More Witches

WitchHuntAronson It’s been some time since I’ve been to Salem. It’s been even longer since I’ve read Arthur Miller’s The Crucible. The events of 1692, however, continue to haunt me. I recently read Marc Aronson’s Witch-Hunt: Mysteries of the Salem Witch Trials. Intended for a young adult readership, Aronson’s book really isn’t proposing any new theories about why religious violence was perpetrated against the vulnerable, mostly female, pool of those living in a very superstitious society. It does, however, show some of the issues in sharp relief—more academic books sometimes cloud the issues with erudition. Historians will continue to debate what happened in Massachusetts at the end of the seventeenth century when the Enlightenment was getting underway and the explanatory value of science was overcoming the world of miracle and magic. Even with science on our side, however, adequate explanations of the sad social madness of Salem are still lacking.

As Aronson points out, there seems to have been a certain amount of greed involved as laws allowed the property of “witches” to be confiscated. Equally culpable are the learned clergy of the day, some of whom overrode their disinclination towards belief in witchcraft to hang a few women (and fewer men) for an imaginary crime. Lack of full historical documentation and the unrecorded lives of women often combine to raise many questions about Salem. It remains clear, however, that the outlook of the clergy influenced perceptions on the ground. Aronson suggests that Cotton Mather’s earlier accounts of Goodwife Glover of Boston—a woman executed as a witch without even her first name having been recorded—may have “inspired” similar violence among the population of Salem. When devils are suspected, the clergy are never far.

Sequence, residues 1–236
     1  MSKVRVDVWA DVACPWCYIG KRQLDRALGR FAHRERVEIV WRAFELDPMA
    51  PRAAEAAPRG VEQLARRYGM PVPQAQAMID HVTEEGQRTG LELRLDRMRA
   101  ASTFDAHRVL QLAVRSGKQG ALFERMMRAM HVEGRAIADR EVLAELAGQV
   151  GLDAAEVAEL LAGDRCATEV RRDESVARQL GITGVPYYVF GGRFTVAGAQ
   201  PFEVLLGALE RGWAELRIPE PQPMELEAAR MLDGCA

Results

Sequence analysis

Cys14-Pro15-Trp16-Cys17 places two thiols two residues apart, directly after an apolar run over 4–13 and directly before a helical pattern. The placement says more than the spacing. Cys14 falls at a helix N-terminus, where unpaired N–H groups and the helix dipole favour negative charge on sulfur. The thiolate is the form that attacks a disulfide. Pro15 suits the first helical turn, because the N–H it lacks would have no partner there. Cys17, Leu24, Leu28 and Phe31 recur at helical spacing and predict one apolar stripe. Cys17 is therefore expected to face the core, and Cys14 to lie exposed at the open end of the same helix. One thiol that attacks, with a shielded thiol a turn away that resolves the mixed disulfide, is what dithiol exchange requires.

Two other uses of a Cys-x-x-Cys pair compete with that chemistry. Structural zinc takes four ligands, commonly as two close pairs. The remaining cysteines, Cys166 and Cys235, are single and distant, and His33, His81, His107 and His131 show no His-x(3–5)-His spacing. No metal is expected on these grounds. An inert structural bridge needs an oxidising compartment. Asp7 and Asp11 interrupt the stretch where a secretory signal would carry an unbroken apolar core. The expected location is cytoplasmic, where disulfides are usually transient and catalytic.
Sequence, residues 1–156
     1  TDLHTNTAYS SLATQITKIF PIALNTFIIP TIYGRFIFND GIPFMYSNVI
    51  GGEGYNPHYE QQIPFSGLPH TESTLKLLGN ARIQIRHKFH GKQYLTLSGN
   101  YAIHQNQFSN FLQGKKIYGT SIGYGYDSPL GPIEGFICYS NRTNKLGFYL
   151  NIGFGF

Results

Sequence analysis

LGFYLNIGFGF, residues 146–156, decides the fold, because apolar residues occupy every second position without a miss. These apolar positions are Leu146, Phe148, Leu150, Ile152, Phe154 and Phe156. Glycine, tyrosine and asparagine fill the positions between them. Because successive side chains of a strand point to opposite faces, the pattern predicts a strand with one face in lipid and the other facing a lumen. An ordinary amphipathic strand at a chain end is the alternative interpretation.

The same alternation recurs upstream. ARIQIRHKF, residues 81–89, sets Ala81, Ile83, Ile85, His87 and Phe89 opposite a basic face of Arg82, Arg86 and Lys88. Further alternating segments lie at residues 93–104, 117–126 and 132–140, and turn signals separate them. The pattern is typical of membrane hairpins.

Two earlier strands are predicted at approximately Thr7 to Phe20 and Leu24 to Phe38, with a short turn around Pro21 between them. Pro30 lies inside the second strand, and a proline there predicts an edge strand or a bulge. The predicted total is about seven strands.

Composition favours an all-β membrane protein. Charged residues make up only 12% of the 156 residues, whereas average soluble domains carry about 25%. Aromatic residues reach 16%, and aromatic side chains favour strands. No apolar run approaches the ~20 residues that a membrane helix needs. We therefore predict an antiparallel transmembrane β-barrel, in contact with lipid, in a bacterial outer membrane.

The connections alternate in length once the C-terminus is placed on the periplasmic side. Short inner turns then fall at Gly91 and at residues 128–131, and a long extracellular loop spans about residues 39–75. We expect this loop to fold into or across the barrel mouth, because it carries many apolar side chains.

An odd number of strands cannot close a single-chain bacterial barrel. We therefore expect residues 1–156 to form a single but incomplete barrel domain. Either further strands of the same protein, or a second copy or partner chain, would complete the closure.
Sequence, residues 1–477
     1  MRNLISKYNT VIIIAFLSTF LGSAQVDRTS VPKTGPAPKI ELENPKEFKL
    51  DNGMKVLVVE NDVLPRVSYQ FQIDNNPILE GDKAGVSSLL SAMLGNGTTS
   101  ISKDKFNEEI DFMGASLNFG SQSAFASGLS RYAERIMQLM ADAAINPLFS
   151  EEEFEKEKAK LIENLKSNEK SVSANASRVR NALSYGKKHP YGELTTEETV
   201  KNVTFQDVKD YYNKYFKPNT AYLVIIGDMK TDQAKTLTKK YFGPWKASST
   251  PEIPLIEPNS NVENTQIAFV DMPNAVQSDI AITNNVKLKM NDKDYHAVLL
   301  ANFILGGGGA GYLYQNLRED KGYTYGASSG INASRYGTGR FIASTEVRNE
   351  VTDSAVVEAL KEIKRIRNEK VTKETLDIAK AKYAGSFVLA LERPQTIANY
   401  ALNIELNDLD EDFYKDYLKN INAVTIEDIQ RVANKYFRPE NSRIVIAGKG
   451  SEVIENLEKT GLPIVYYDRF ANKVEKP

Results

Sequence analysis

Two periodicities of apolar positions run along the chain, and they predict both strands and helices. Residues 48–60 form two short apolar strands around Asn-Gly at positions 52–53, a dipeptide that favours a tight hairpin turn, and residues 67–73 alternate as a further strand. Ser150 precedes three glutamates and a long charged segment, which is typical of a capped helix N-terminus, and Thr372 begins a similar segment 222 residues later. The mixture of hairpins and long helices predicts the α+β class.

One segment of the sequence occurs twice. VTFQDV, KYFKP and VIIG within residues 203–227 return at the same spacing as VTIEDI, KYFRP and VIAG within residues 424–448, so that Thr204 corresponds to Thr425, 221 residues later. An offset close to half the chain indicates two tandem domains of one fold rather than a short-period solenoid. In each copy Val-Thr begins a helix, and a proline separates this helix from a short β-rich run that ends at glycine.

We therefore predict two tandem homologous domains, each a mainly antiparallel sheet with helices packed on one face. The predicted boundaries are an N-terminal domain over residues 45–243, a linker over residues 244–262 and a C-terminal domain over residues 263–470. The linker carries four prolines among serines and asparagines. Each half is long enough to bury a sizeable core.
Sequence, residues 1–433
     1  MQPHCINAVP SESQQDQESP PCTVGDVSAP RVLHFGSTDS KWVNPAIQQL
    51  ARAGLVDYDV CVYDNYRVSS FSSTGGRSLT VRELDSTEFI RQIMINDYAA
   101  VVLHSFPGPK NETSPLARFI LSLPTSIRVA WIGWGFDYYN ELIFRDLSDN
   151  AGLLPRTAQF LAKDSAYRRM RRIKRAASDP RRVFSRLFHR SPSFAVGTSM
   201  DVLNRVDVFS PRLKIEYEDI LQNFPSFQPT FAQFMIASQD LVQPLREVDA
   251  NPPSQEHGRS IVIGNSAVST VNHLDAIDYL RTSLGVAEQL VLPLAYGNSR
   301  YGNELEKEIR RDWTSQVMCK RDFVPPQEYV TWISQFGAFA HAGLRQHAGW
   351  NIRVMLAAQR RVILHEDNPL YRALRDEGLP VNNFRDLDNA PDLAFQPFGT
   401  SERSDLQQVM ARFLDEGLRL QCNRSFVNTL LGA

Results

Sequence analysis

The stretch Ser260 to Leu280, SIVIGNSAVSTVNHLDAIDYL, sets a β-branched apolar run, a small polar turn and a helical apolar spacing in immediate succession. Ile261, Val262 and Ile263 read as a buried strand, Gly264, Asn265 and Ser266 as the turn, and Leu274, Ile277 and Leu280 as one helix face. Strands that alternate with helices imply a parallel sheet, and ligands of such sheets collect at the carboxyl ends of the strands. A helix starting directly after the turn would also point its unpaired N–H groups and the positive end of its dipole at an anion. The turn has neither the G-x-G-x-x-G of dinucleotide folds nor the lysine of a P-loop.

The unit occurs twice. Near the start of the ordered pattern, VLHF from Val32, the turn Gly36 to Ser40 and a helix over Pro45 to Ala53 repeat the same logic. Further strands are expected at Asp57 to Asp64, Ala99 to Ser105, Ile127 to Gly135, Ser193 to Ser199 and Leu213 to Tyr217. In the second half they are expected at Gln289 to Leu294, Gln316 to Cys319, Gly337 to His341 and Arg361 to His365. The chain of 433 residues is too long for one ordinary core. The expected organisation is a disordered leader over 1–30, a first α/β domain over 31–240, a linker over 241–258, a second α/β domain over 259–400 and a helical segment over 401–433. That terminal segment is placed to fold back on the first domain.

When the mania died down after a lethal year, the clergy, both Increase and Cotton Mather among them, recanted the easy execution of a few expendable women, and fewer, less expendable men, in Salem. Since we lack documentation, we will never know fully what was behind the witch-hunts, apart from misogyny and misperception.

Aronson ends his little book by asking us to consider modern terrorist hunts and the eerie similarities to the mindset of Salem. Listening to some media interviews, particularly on Fox, after the Boston Marathon bombings, we haven’t traveled so very far from Salem. In a world of high technology, where Satan is said to once again stroll the streets of Massachusetts, we have to wonder if the witch-hunts will ever truly end.

Fear of Religion

Two online articles have, in my limited reading, linked the bombing of the Boston Marathon by Tamerlan and Dzhokhar Tsarnaev to religion. Although the boys are/were not part of any radical sect, it was their belief that their Muslim faith, apparently, motivated the bombings. While such revelations will no doubt prompt Islamophobia in some, the true terror belongs to all exclusive religions. People want to be part of exclusive groups. Whether it is the ritziest country club or the most erudite book circle, we all want to be part of that group that is superior. I recall very clearly in my New Testament classes at Boston University how our professor explained that Christianity never grows as fast as when it excludes people. He claimed the writers of the Christian Scriptures knew that. Conversion is fine and good—it gives you a gold star when you save souls—but not too many. If everyone’s invited to the party, it loses its appeal. Here is the dilemma of proselytizing religions. We want to grow, but not too much.